Signpostings

Relationships in a World of Individualism

  • rWorld

    The rWorld is about more than Dale Kuehne's book Sex and the iWorld.
    The rWorld is a New England based, non-profit (in formation), that is composed of a growing number of people and organizations from many faith and ideological backgrounds worldwide. We believe that much of the fulfillment for which women and men are looking can be found by enhancing the quality of our relationships. While the individual freedom we enjoy in the West is a gift, the love and intimacy for which humans yearn will not be found in self-serving materialism or hedonism, but in a variety of healthy relationships.

    Contact us if you'd like get involved:
    scr.im/rwld

  • Dale Kuehne

    Sex & the iWorld

    Professor of Politics and The Richard L. Bready Chair for Ethics, Economics, and the Common Good at Saint Anselm College, Manchester, NH.

    In this blog I'm highlighting signposts of the world in which we presently reside as a means of helping promote a civil, and meaningful dialogue about what kind of world in which we wish to live. I am particularly interested in exploring how might we reconcile the individual good and the common good, and where reconciliation isn’t possible, which should take precedence and why.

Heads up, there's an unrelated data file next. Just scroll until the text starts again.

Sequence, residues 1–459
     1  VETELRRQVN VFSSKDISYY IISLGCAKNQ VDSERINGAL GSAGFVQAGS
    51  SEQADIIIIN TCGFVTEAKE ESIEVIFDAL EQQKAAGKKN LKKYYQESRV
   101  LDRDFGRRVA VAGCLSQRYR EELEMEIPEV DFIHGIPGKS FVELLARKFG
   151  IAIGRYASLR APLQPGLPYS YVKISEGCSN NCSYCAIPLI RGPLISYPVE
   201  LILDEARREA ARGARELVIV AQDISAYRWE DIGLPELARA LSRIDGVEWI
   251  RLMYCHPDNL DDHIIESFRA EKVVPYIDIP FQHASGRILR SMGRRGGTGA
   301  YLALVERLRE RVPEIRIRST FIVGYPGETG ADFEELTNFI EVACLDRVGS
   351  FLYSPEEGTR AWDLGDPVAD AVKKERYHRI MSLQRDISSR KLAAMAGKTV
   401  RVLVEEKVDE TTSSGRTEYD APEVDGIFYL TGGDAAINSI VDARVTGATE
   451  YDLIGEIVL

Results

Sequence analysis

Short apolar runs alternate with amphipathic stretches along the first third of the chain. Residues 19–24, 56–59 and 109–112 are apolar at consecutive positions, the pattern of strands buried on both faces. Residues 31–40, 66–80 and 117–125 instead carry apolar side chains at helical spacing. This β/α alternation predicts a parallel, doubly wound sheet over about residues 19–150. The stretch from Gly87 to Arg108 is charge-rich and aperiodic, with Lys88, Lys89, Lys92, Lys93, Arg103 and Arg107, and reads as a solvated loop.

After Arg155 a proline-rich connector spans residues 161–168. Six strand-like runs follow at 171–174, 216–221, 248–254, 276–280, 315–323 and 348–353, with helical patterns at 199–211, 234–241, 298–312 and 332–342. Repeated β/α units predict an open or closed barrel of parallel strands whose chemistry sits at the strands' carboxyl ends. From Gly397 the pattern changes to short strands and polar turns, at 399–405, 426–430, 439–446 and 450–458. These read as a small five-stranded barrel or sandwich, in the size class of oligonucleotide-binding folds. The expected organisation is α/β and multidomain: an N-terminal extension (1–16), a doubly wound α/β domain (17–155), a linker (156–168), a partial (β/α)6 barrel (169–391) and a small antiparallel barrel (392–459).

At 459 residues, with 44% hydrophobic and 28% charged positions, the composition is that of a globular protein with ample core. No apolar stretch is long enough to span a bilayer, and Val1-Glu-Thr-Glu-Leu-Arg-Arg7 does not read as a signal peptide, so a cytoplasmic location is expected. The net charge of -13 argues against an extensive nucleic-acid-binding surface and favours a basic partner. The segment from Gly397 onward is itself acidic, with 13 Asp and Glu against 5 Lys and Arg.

I also blog at Sharewik.com

    [Content Caution]

Posts Tagged ‘identity’

Another One Bites the Dust (Take 2): Gender Scouting

Posted by Dale Kuehne on February 26, 2017

The question is not whether girl scouting will allow transgendered girls to opt in, but whether we will have Boy or Girl scouting …?

Another distinction bites to dust.

http://www.npr.org/sections/thetwo-way/2017/01/31/512541372/boy-scouts-will-admit-transgender-boys

The busses that you ride in, they say are mighty fine,
But when they turn a corner, they leave the wheels behind.

Chorus
Oh, I don’t want to go to Boy/Girl Scout Camp.
Gee, Mom, I want to go, but they won’t let me go;
Gee, Mom, I want to go home.

The leaders that they have here, they say are mighty fine,
But when you get up closer, they look like frankenstein.